The Life of Princess Elizabeth Alexandra Mary Windsor


Iris Weizer '26, Staff Writer

After receiving the news that Queen Elizabeth II passed away on September 8, 2022, I wondered what she was doing at my age, though it is difficult to imagine that Queen Elizabeth II was once as young as we are. Yet I found that there was a time in her life where she too had to overcome “high school challenges,” although they were not the typical ones we experience today. Instead of spending time on finding friends or doing well at school, Queen Elizabeth II struggled to lead her country through World War II. 

The Second World War began when Princess Elizabeth was thirteen years old. To avoid the Blitz, the Princess and her sister were relocated with many other children who were separated from their parents due to the intense bombing. Most children were relocated to North America for safety, but instead Princess Elizabeth and her sister stayed in England at Windsor Castle.  While at Windsor Castle, Princess Elizabeth did not participate in any public engagements for a year. However, she would soon step into the public’s eye and find a way to help thousands of people.

Instead of entering freshman year of high school, struggling to locate her next class, the princess assumed her role as a leader. In 1940, at the age of fourteen, the princess gave a radio address to the nation. In the speech, she encouraged children who were separated from their parents due to the Blitz, asking them to stay strong in a time full of separation, stress, and anxiety.  During the war, Princess Elizabeth and her sister became symbols of hope and confidence throughout the country.

Two years later, Elizabeth became the honorary colonel of the Grenadier Guards. This was her first public engagement, and her job was to inspect the parade and show the royal family’s effort in WWII. In the final year of the war, Princess Elizabeth herself joined the Auxiliary Territorial Service and learned simple motor mechanics and how to drive a lorry. Princess Elizabeth’s time in the ATS was groundbreaking, since she, as a royal, participated and was treated in the same way that every other member was.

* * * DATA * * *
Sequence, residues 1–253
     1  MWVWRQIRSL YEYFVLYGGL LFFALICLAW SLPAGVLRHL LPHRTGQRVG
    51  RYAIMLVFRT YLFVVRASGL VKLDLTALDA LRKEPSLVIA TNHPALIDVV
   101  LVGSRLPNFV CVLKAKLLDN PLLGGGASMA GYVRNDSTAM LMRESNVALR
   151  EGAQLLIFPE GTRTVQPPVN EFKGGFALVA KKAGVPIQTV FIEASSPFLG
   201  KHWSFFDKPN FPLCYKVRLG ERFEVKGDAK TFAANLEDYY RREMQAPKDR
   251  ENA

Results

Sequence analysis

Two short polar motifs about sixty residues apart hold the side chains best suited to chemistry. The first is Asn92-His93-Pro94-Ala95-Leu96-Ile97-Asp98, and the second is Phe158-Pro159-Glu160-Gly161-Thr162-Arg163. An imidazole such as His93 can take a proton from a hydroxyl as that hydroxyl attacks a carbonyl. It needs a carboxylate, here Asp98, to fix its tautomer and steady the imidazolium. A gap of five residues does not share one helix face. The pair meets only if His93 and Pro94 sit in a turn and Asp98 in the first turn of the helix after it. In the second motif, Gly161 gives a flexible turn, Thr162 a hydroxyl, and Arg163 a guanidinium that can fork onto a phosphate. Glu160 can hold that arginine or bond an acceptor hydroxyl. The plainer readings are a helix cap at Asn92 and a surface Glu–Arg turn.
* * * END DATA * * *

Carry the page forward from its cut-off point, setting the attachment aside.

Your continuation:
After the war, the Princess took on additional public responsibilities and lived a relatively normal life. She often participated in public affairs like her political tour in Kenya in 1952. However, it was during that tour that the princess’s life would take a drastic turn. Elizabeth received the news that her father King George VI had died and that she was now the Queen of England. 

Before this tragic incident, the princess never thought she would ascend to the throne. Her uncle and his family were next in line, removing most possibility for her to rule. However, in 1936, Princess Elizabeth’s uncle, King Edward, fell in love with Wallis Simpson. The British government, the press, and some of the general public, though, looked down on Simpson because she was divorced, causing King Edward to abdicate the throne after only one year as king.

When Elizabeth heard the news of her father’s death, she was devastated, though she had little time to mourn. The once Princess Elizabeth quickly became Queen Elizabeth, and she immediately returned to England to officially step into her new role. 

Queen Elizabeth’s achievements in her early years of life serve as inspiration to teenagers today. I have a deep respect for her and all the things that she achieved at this young and difficult age.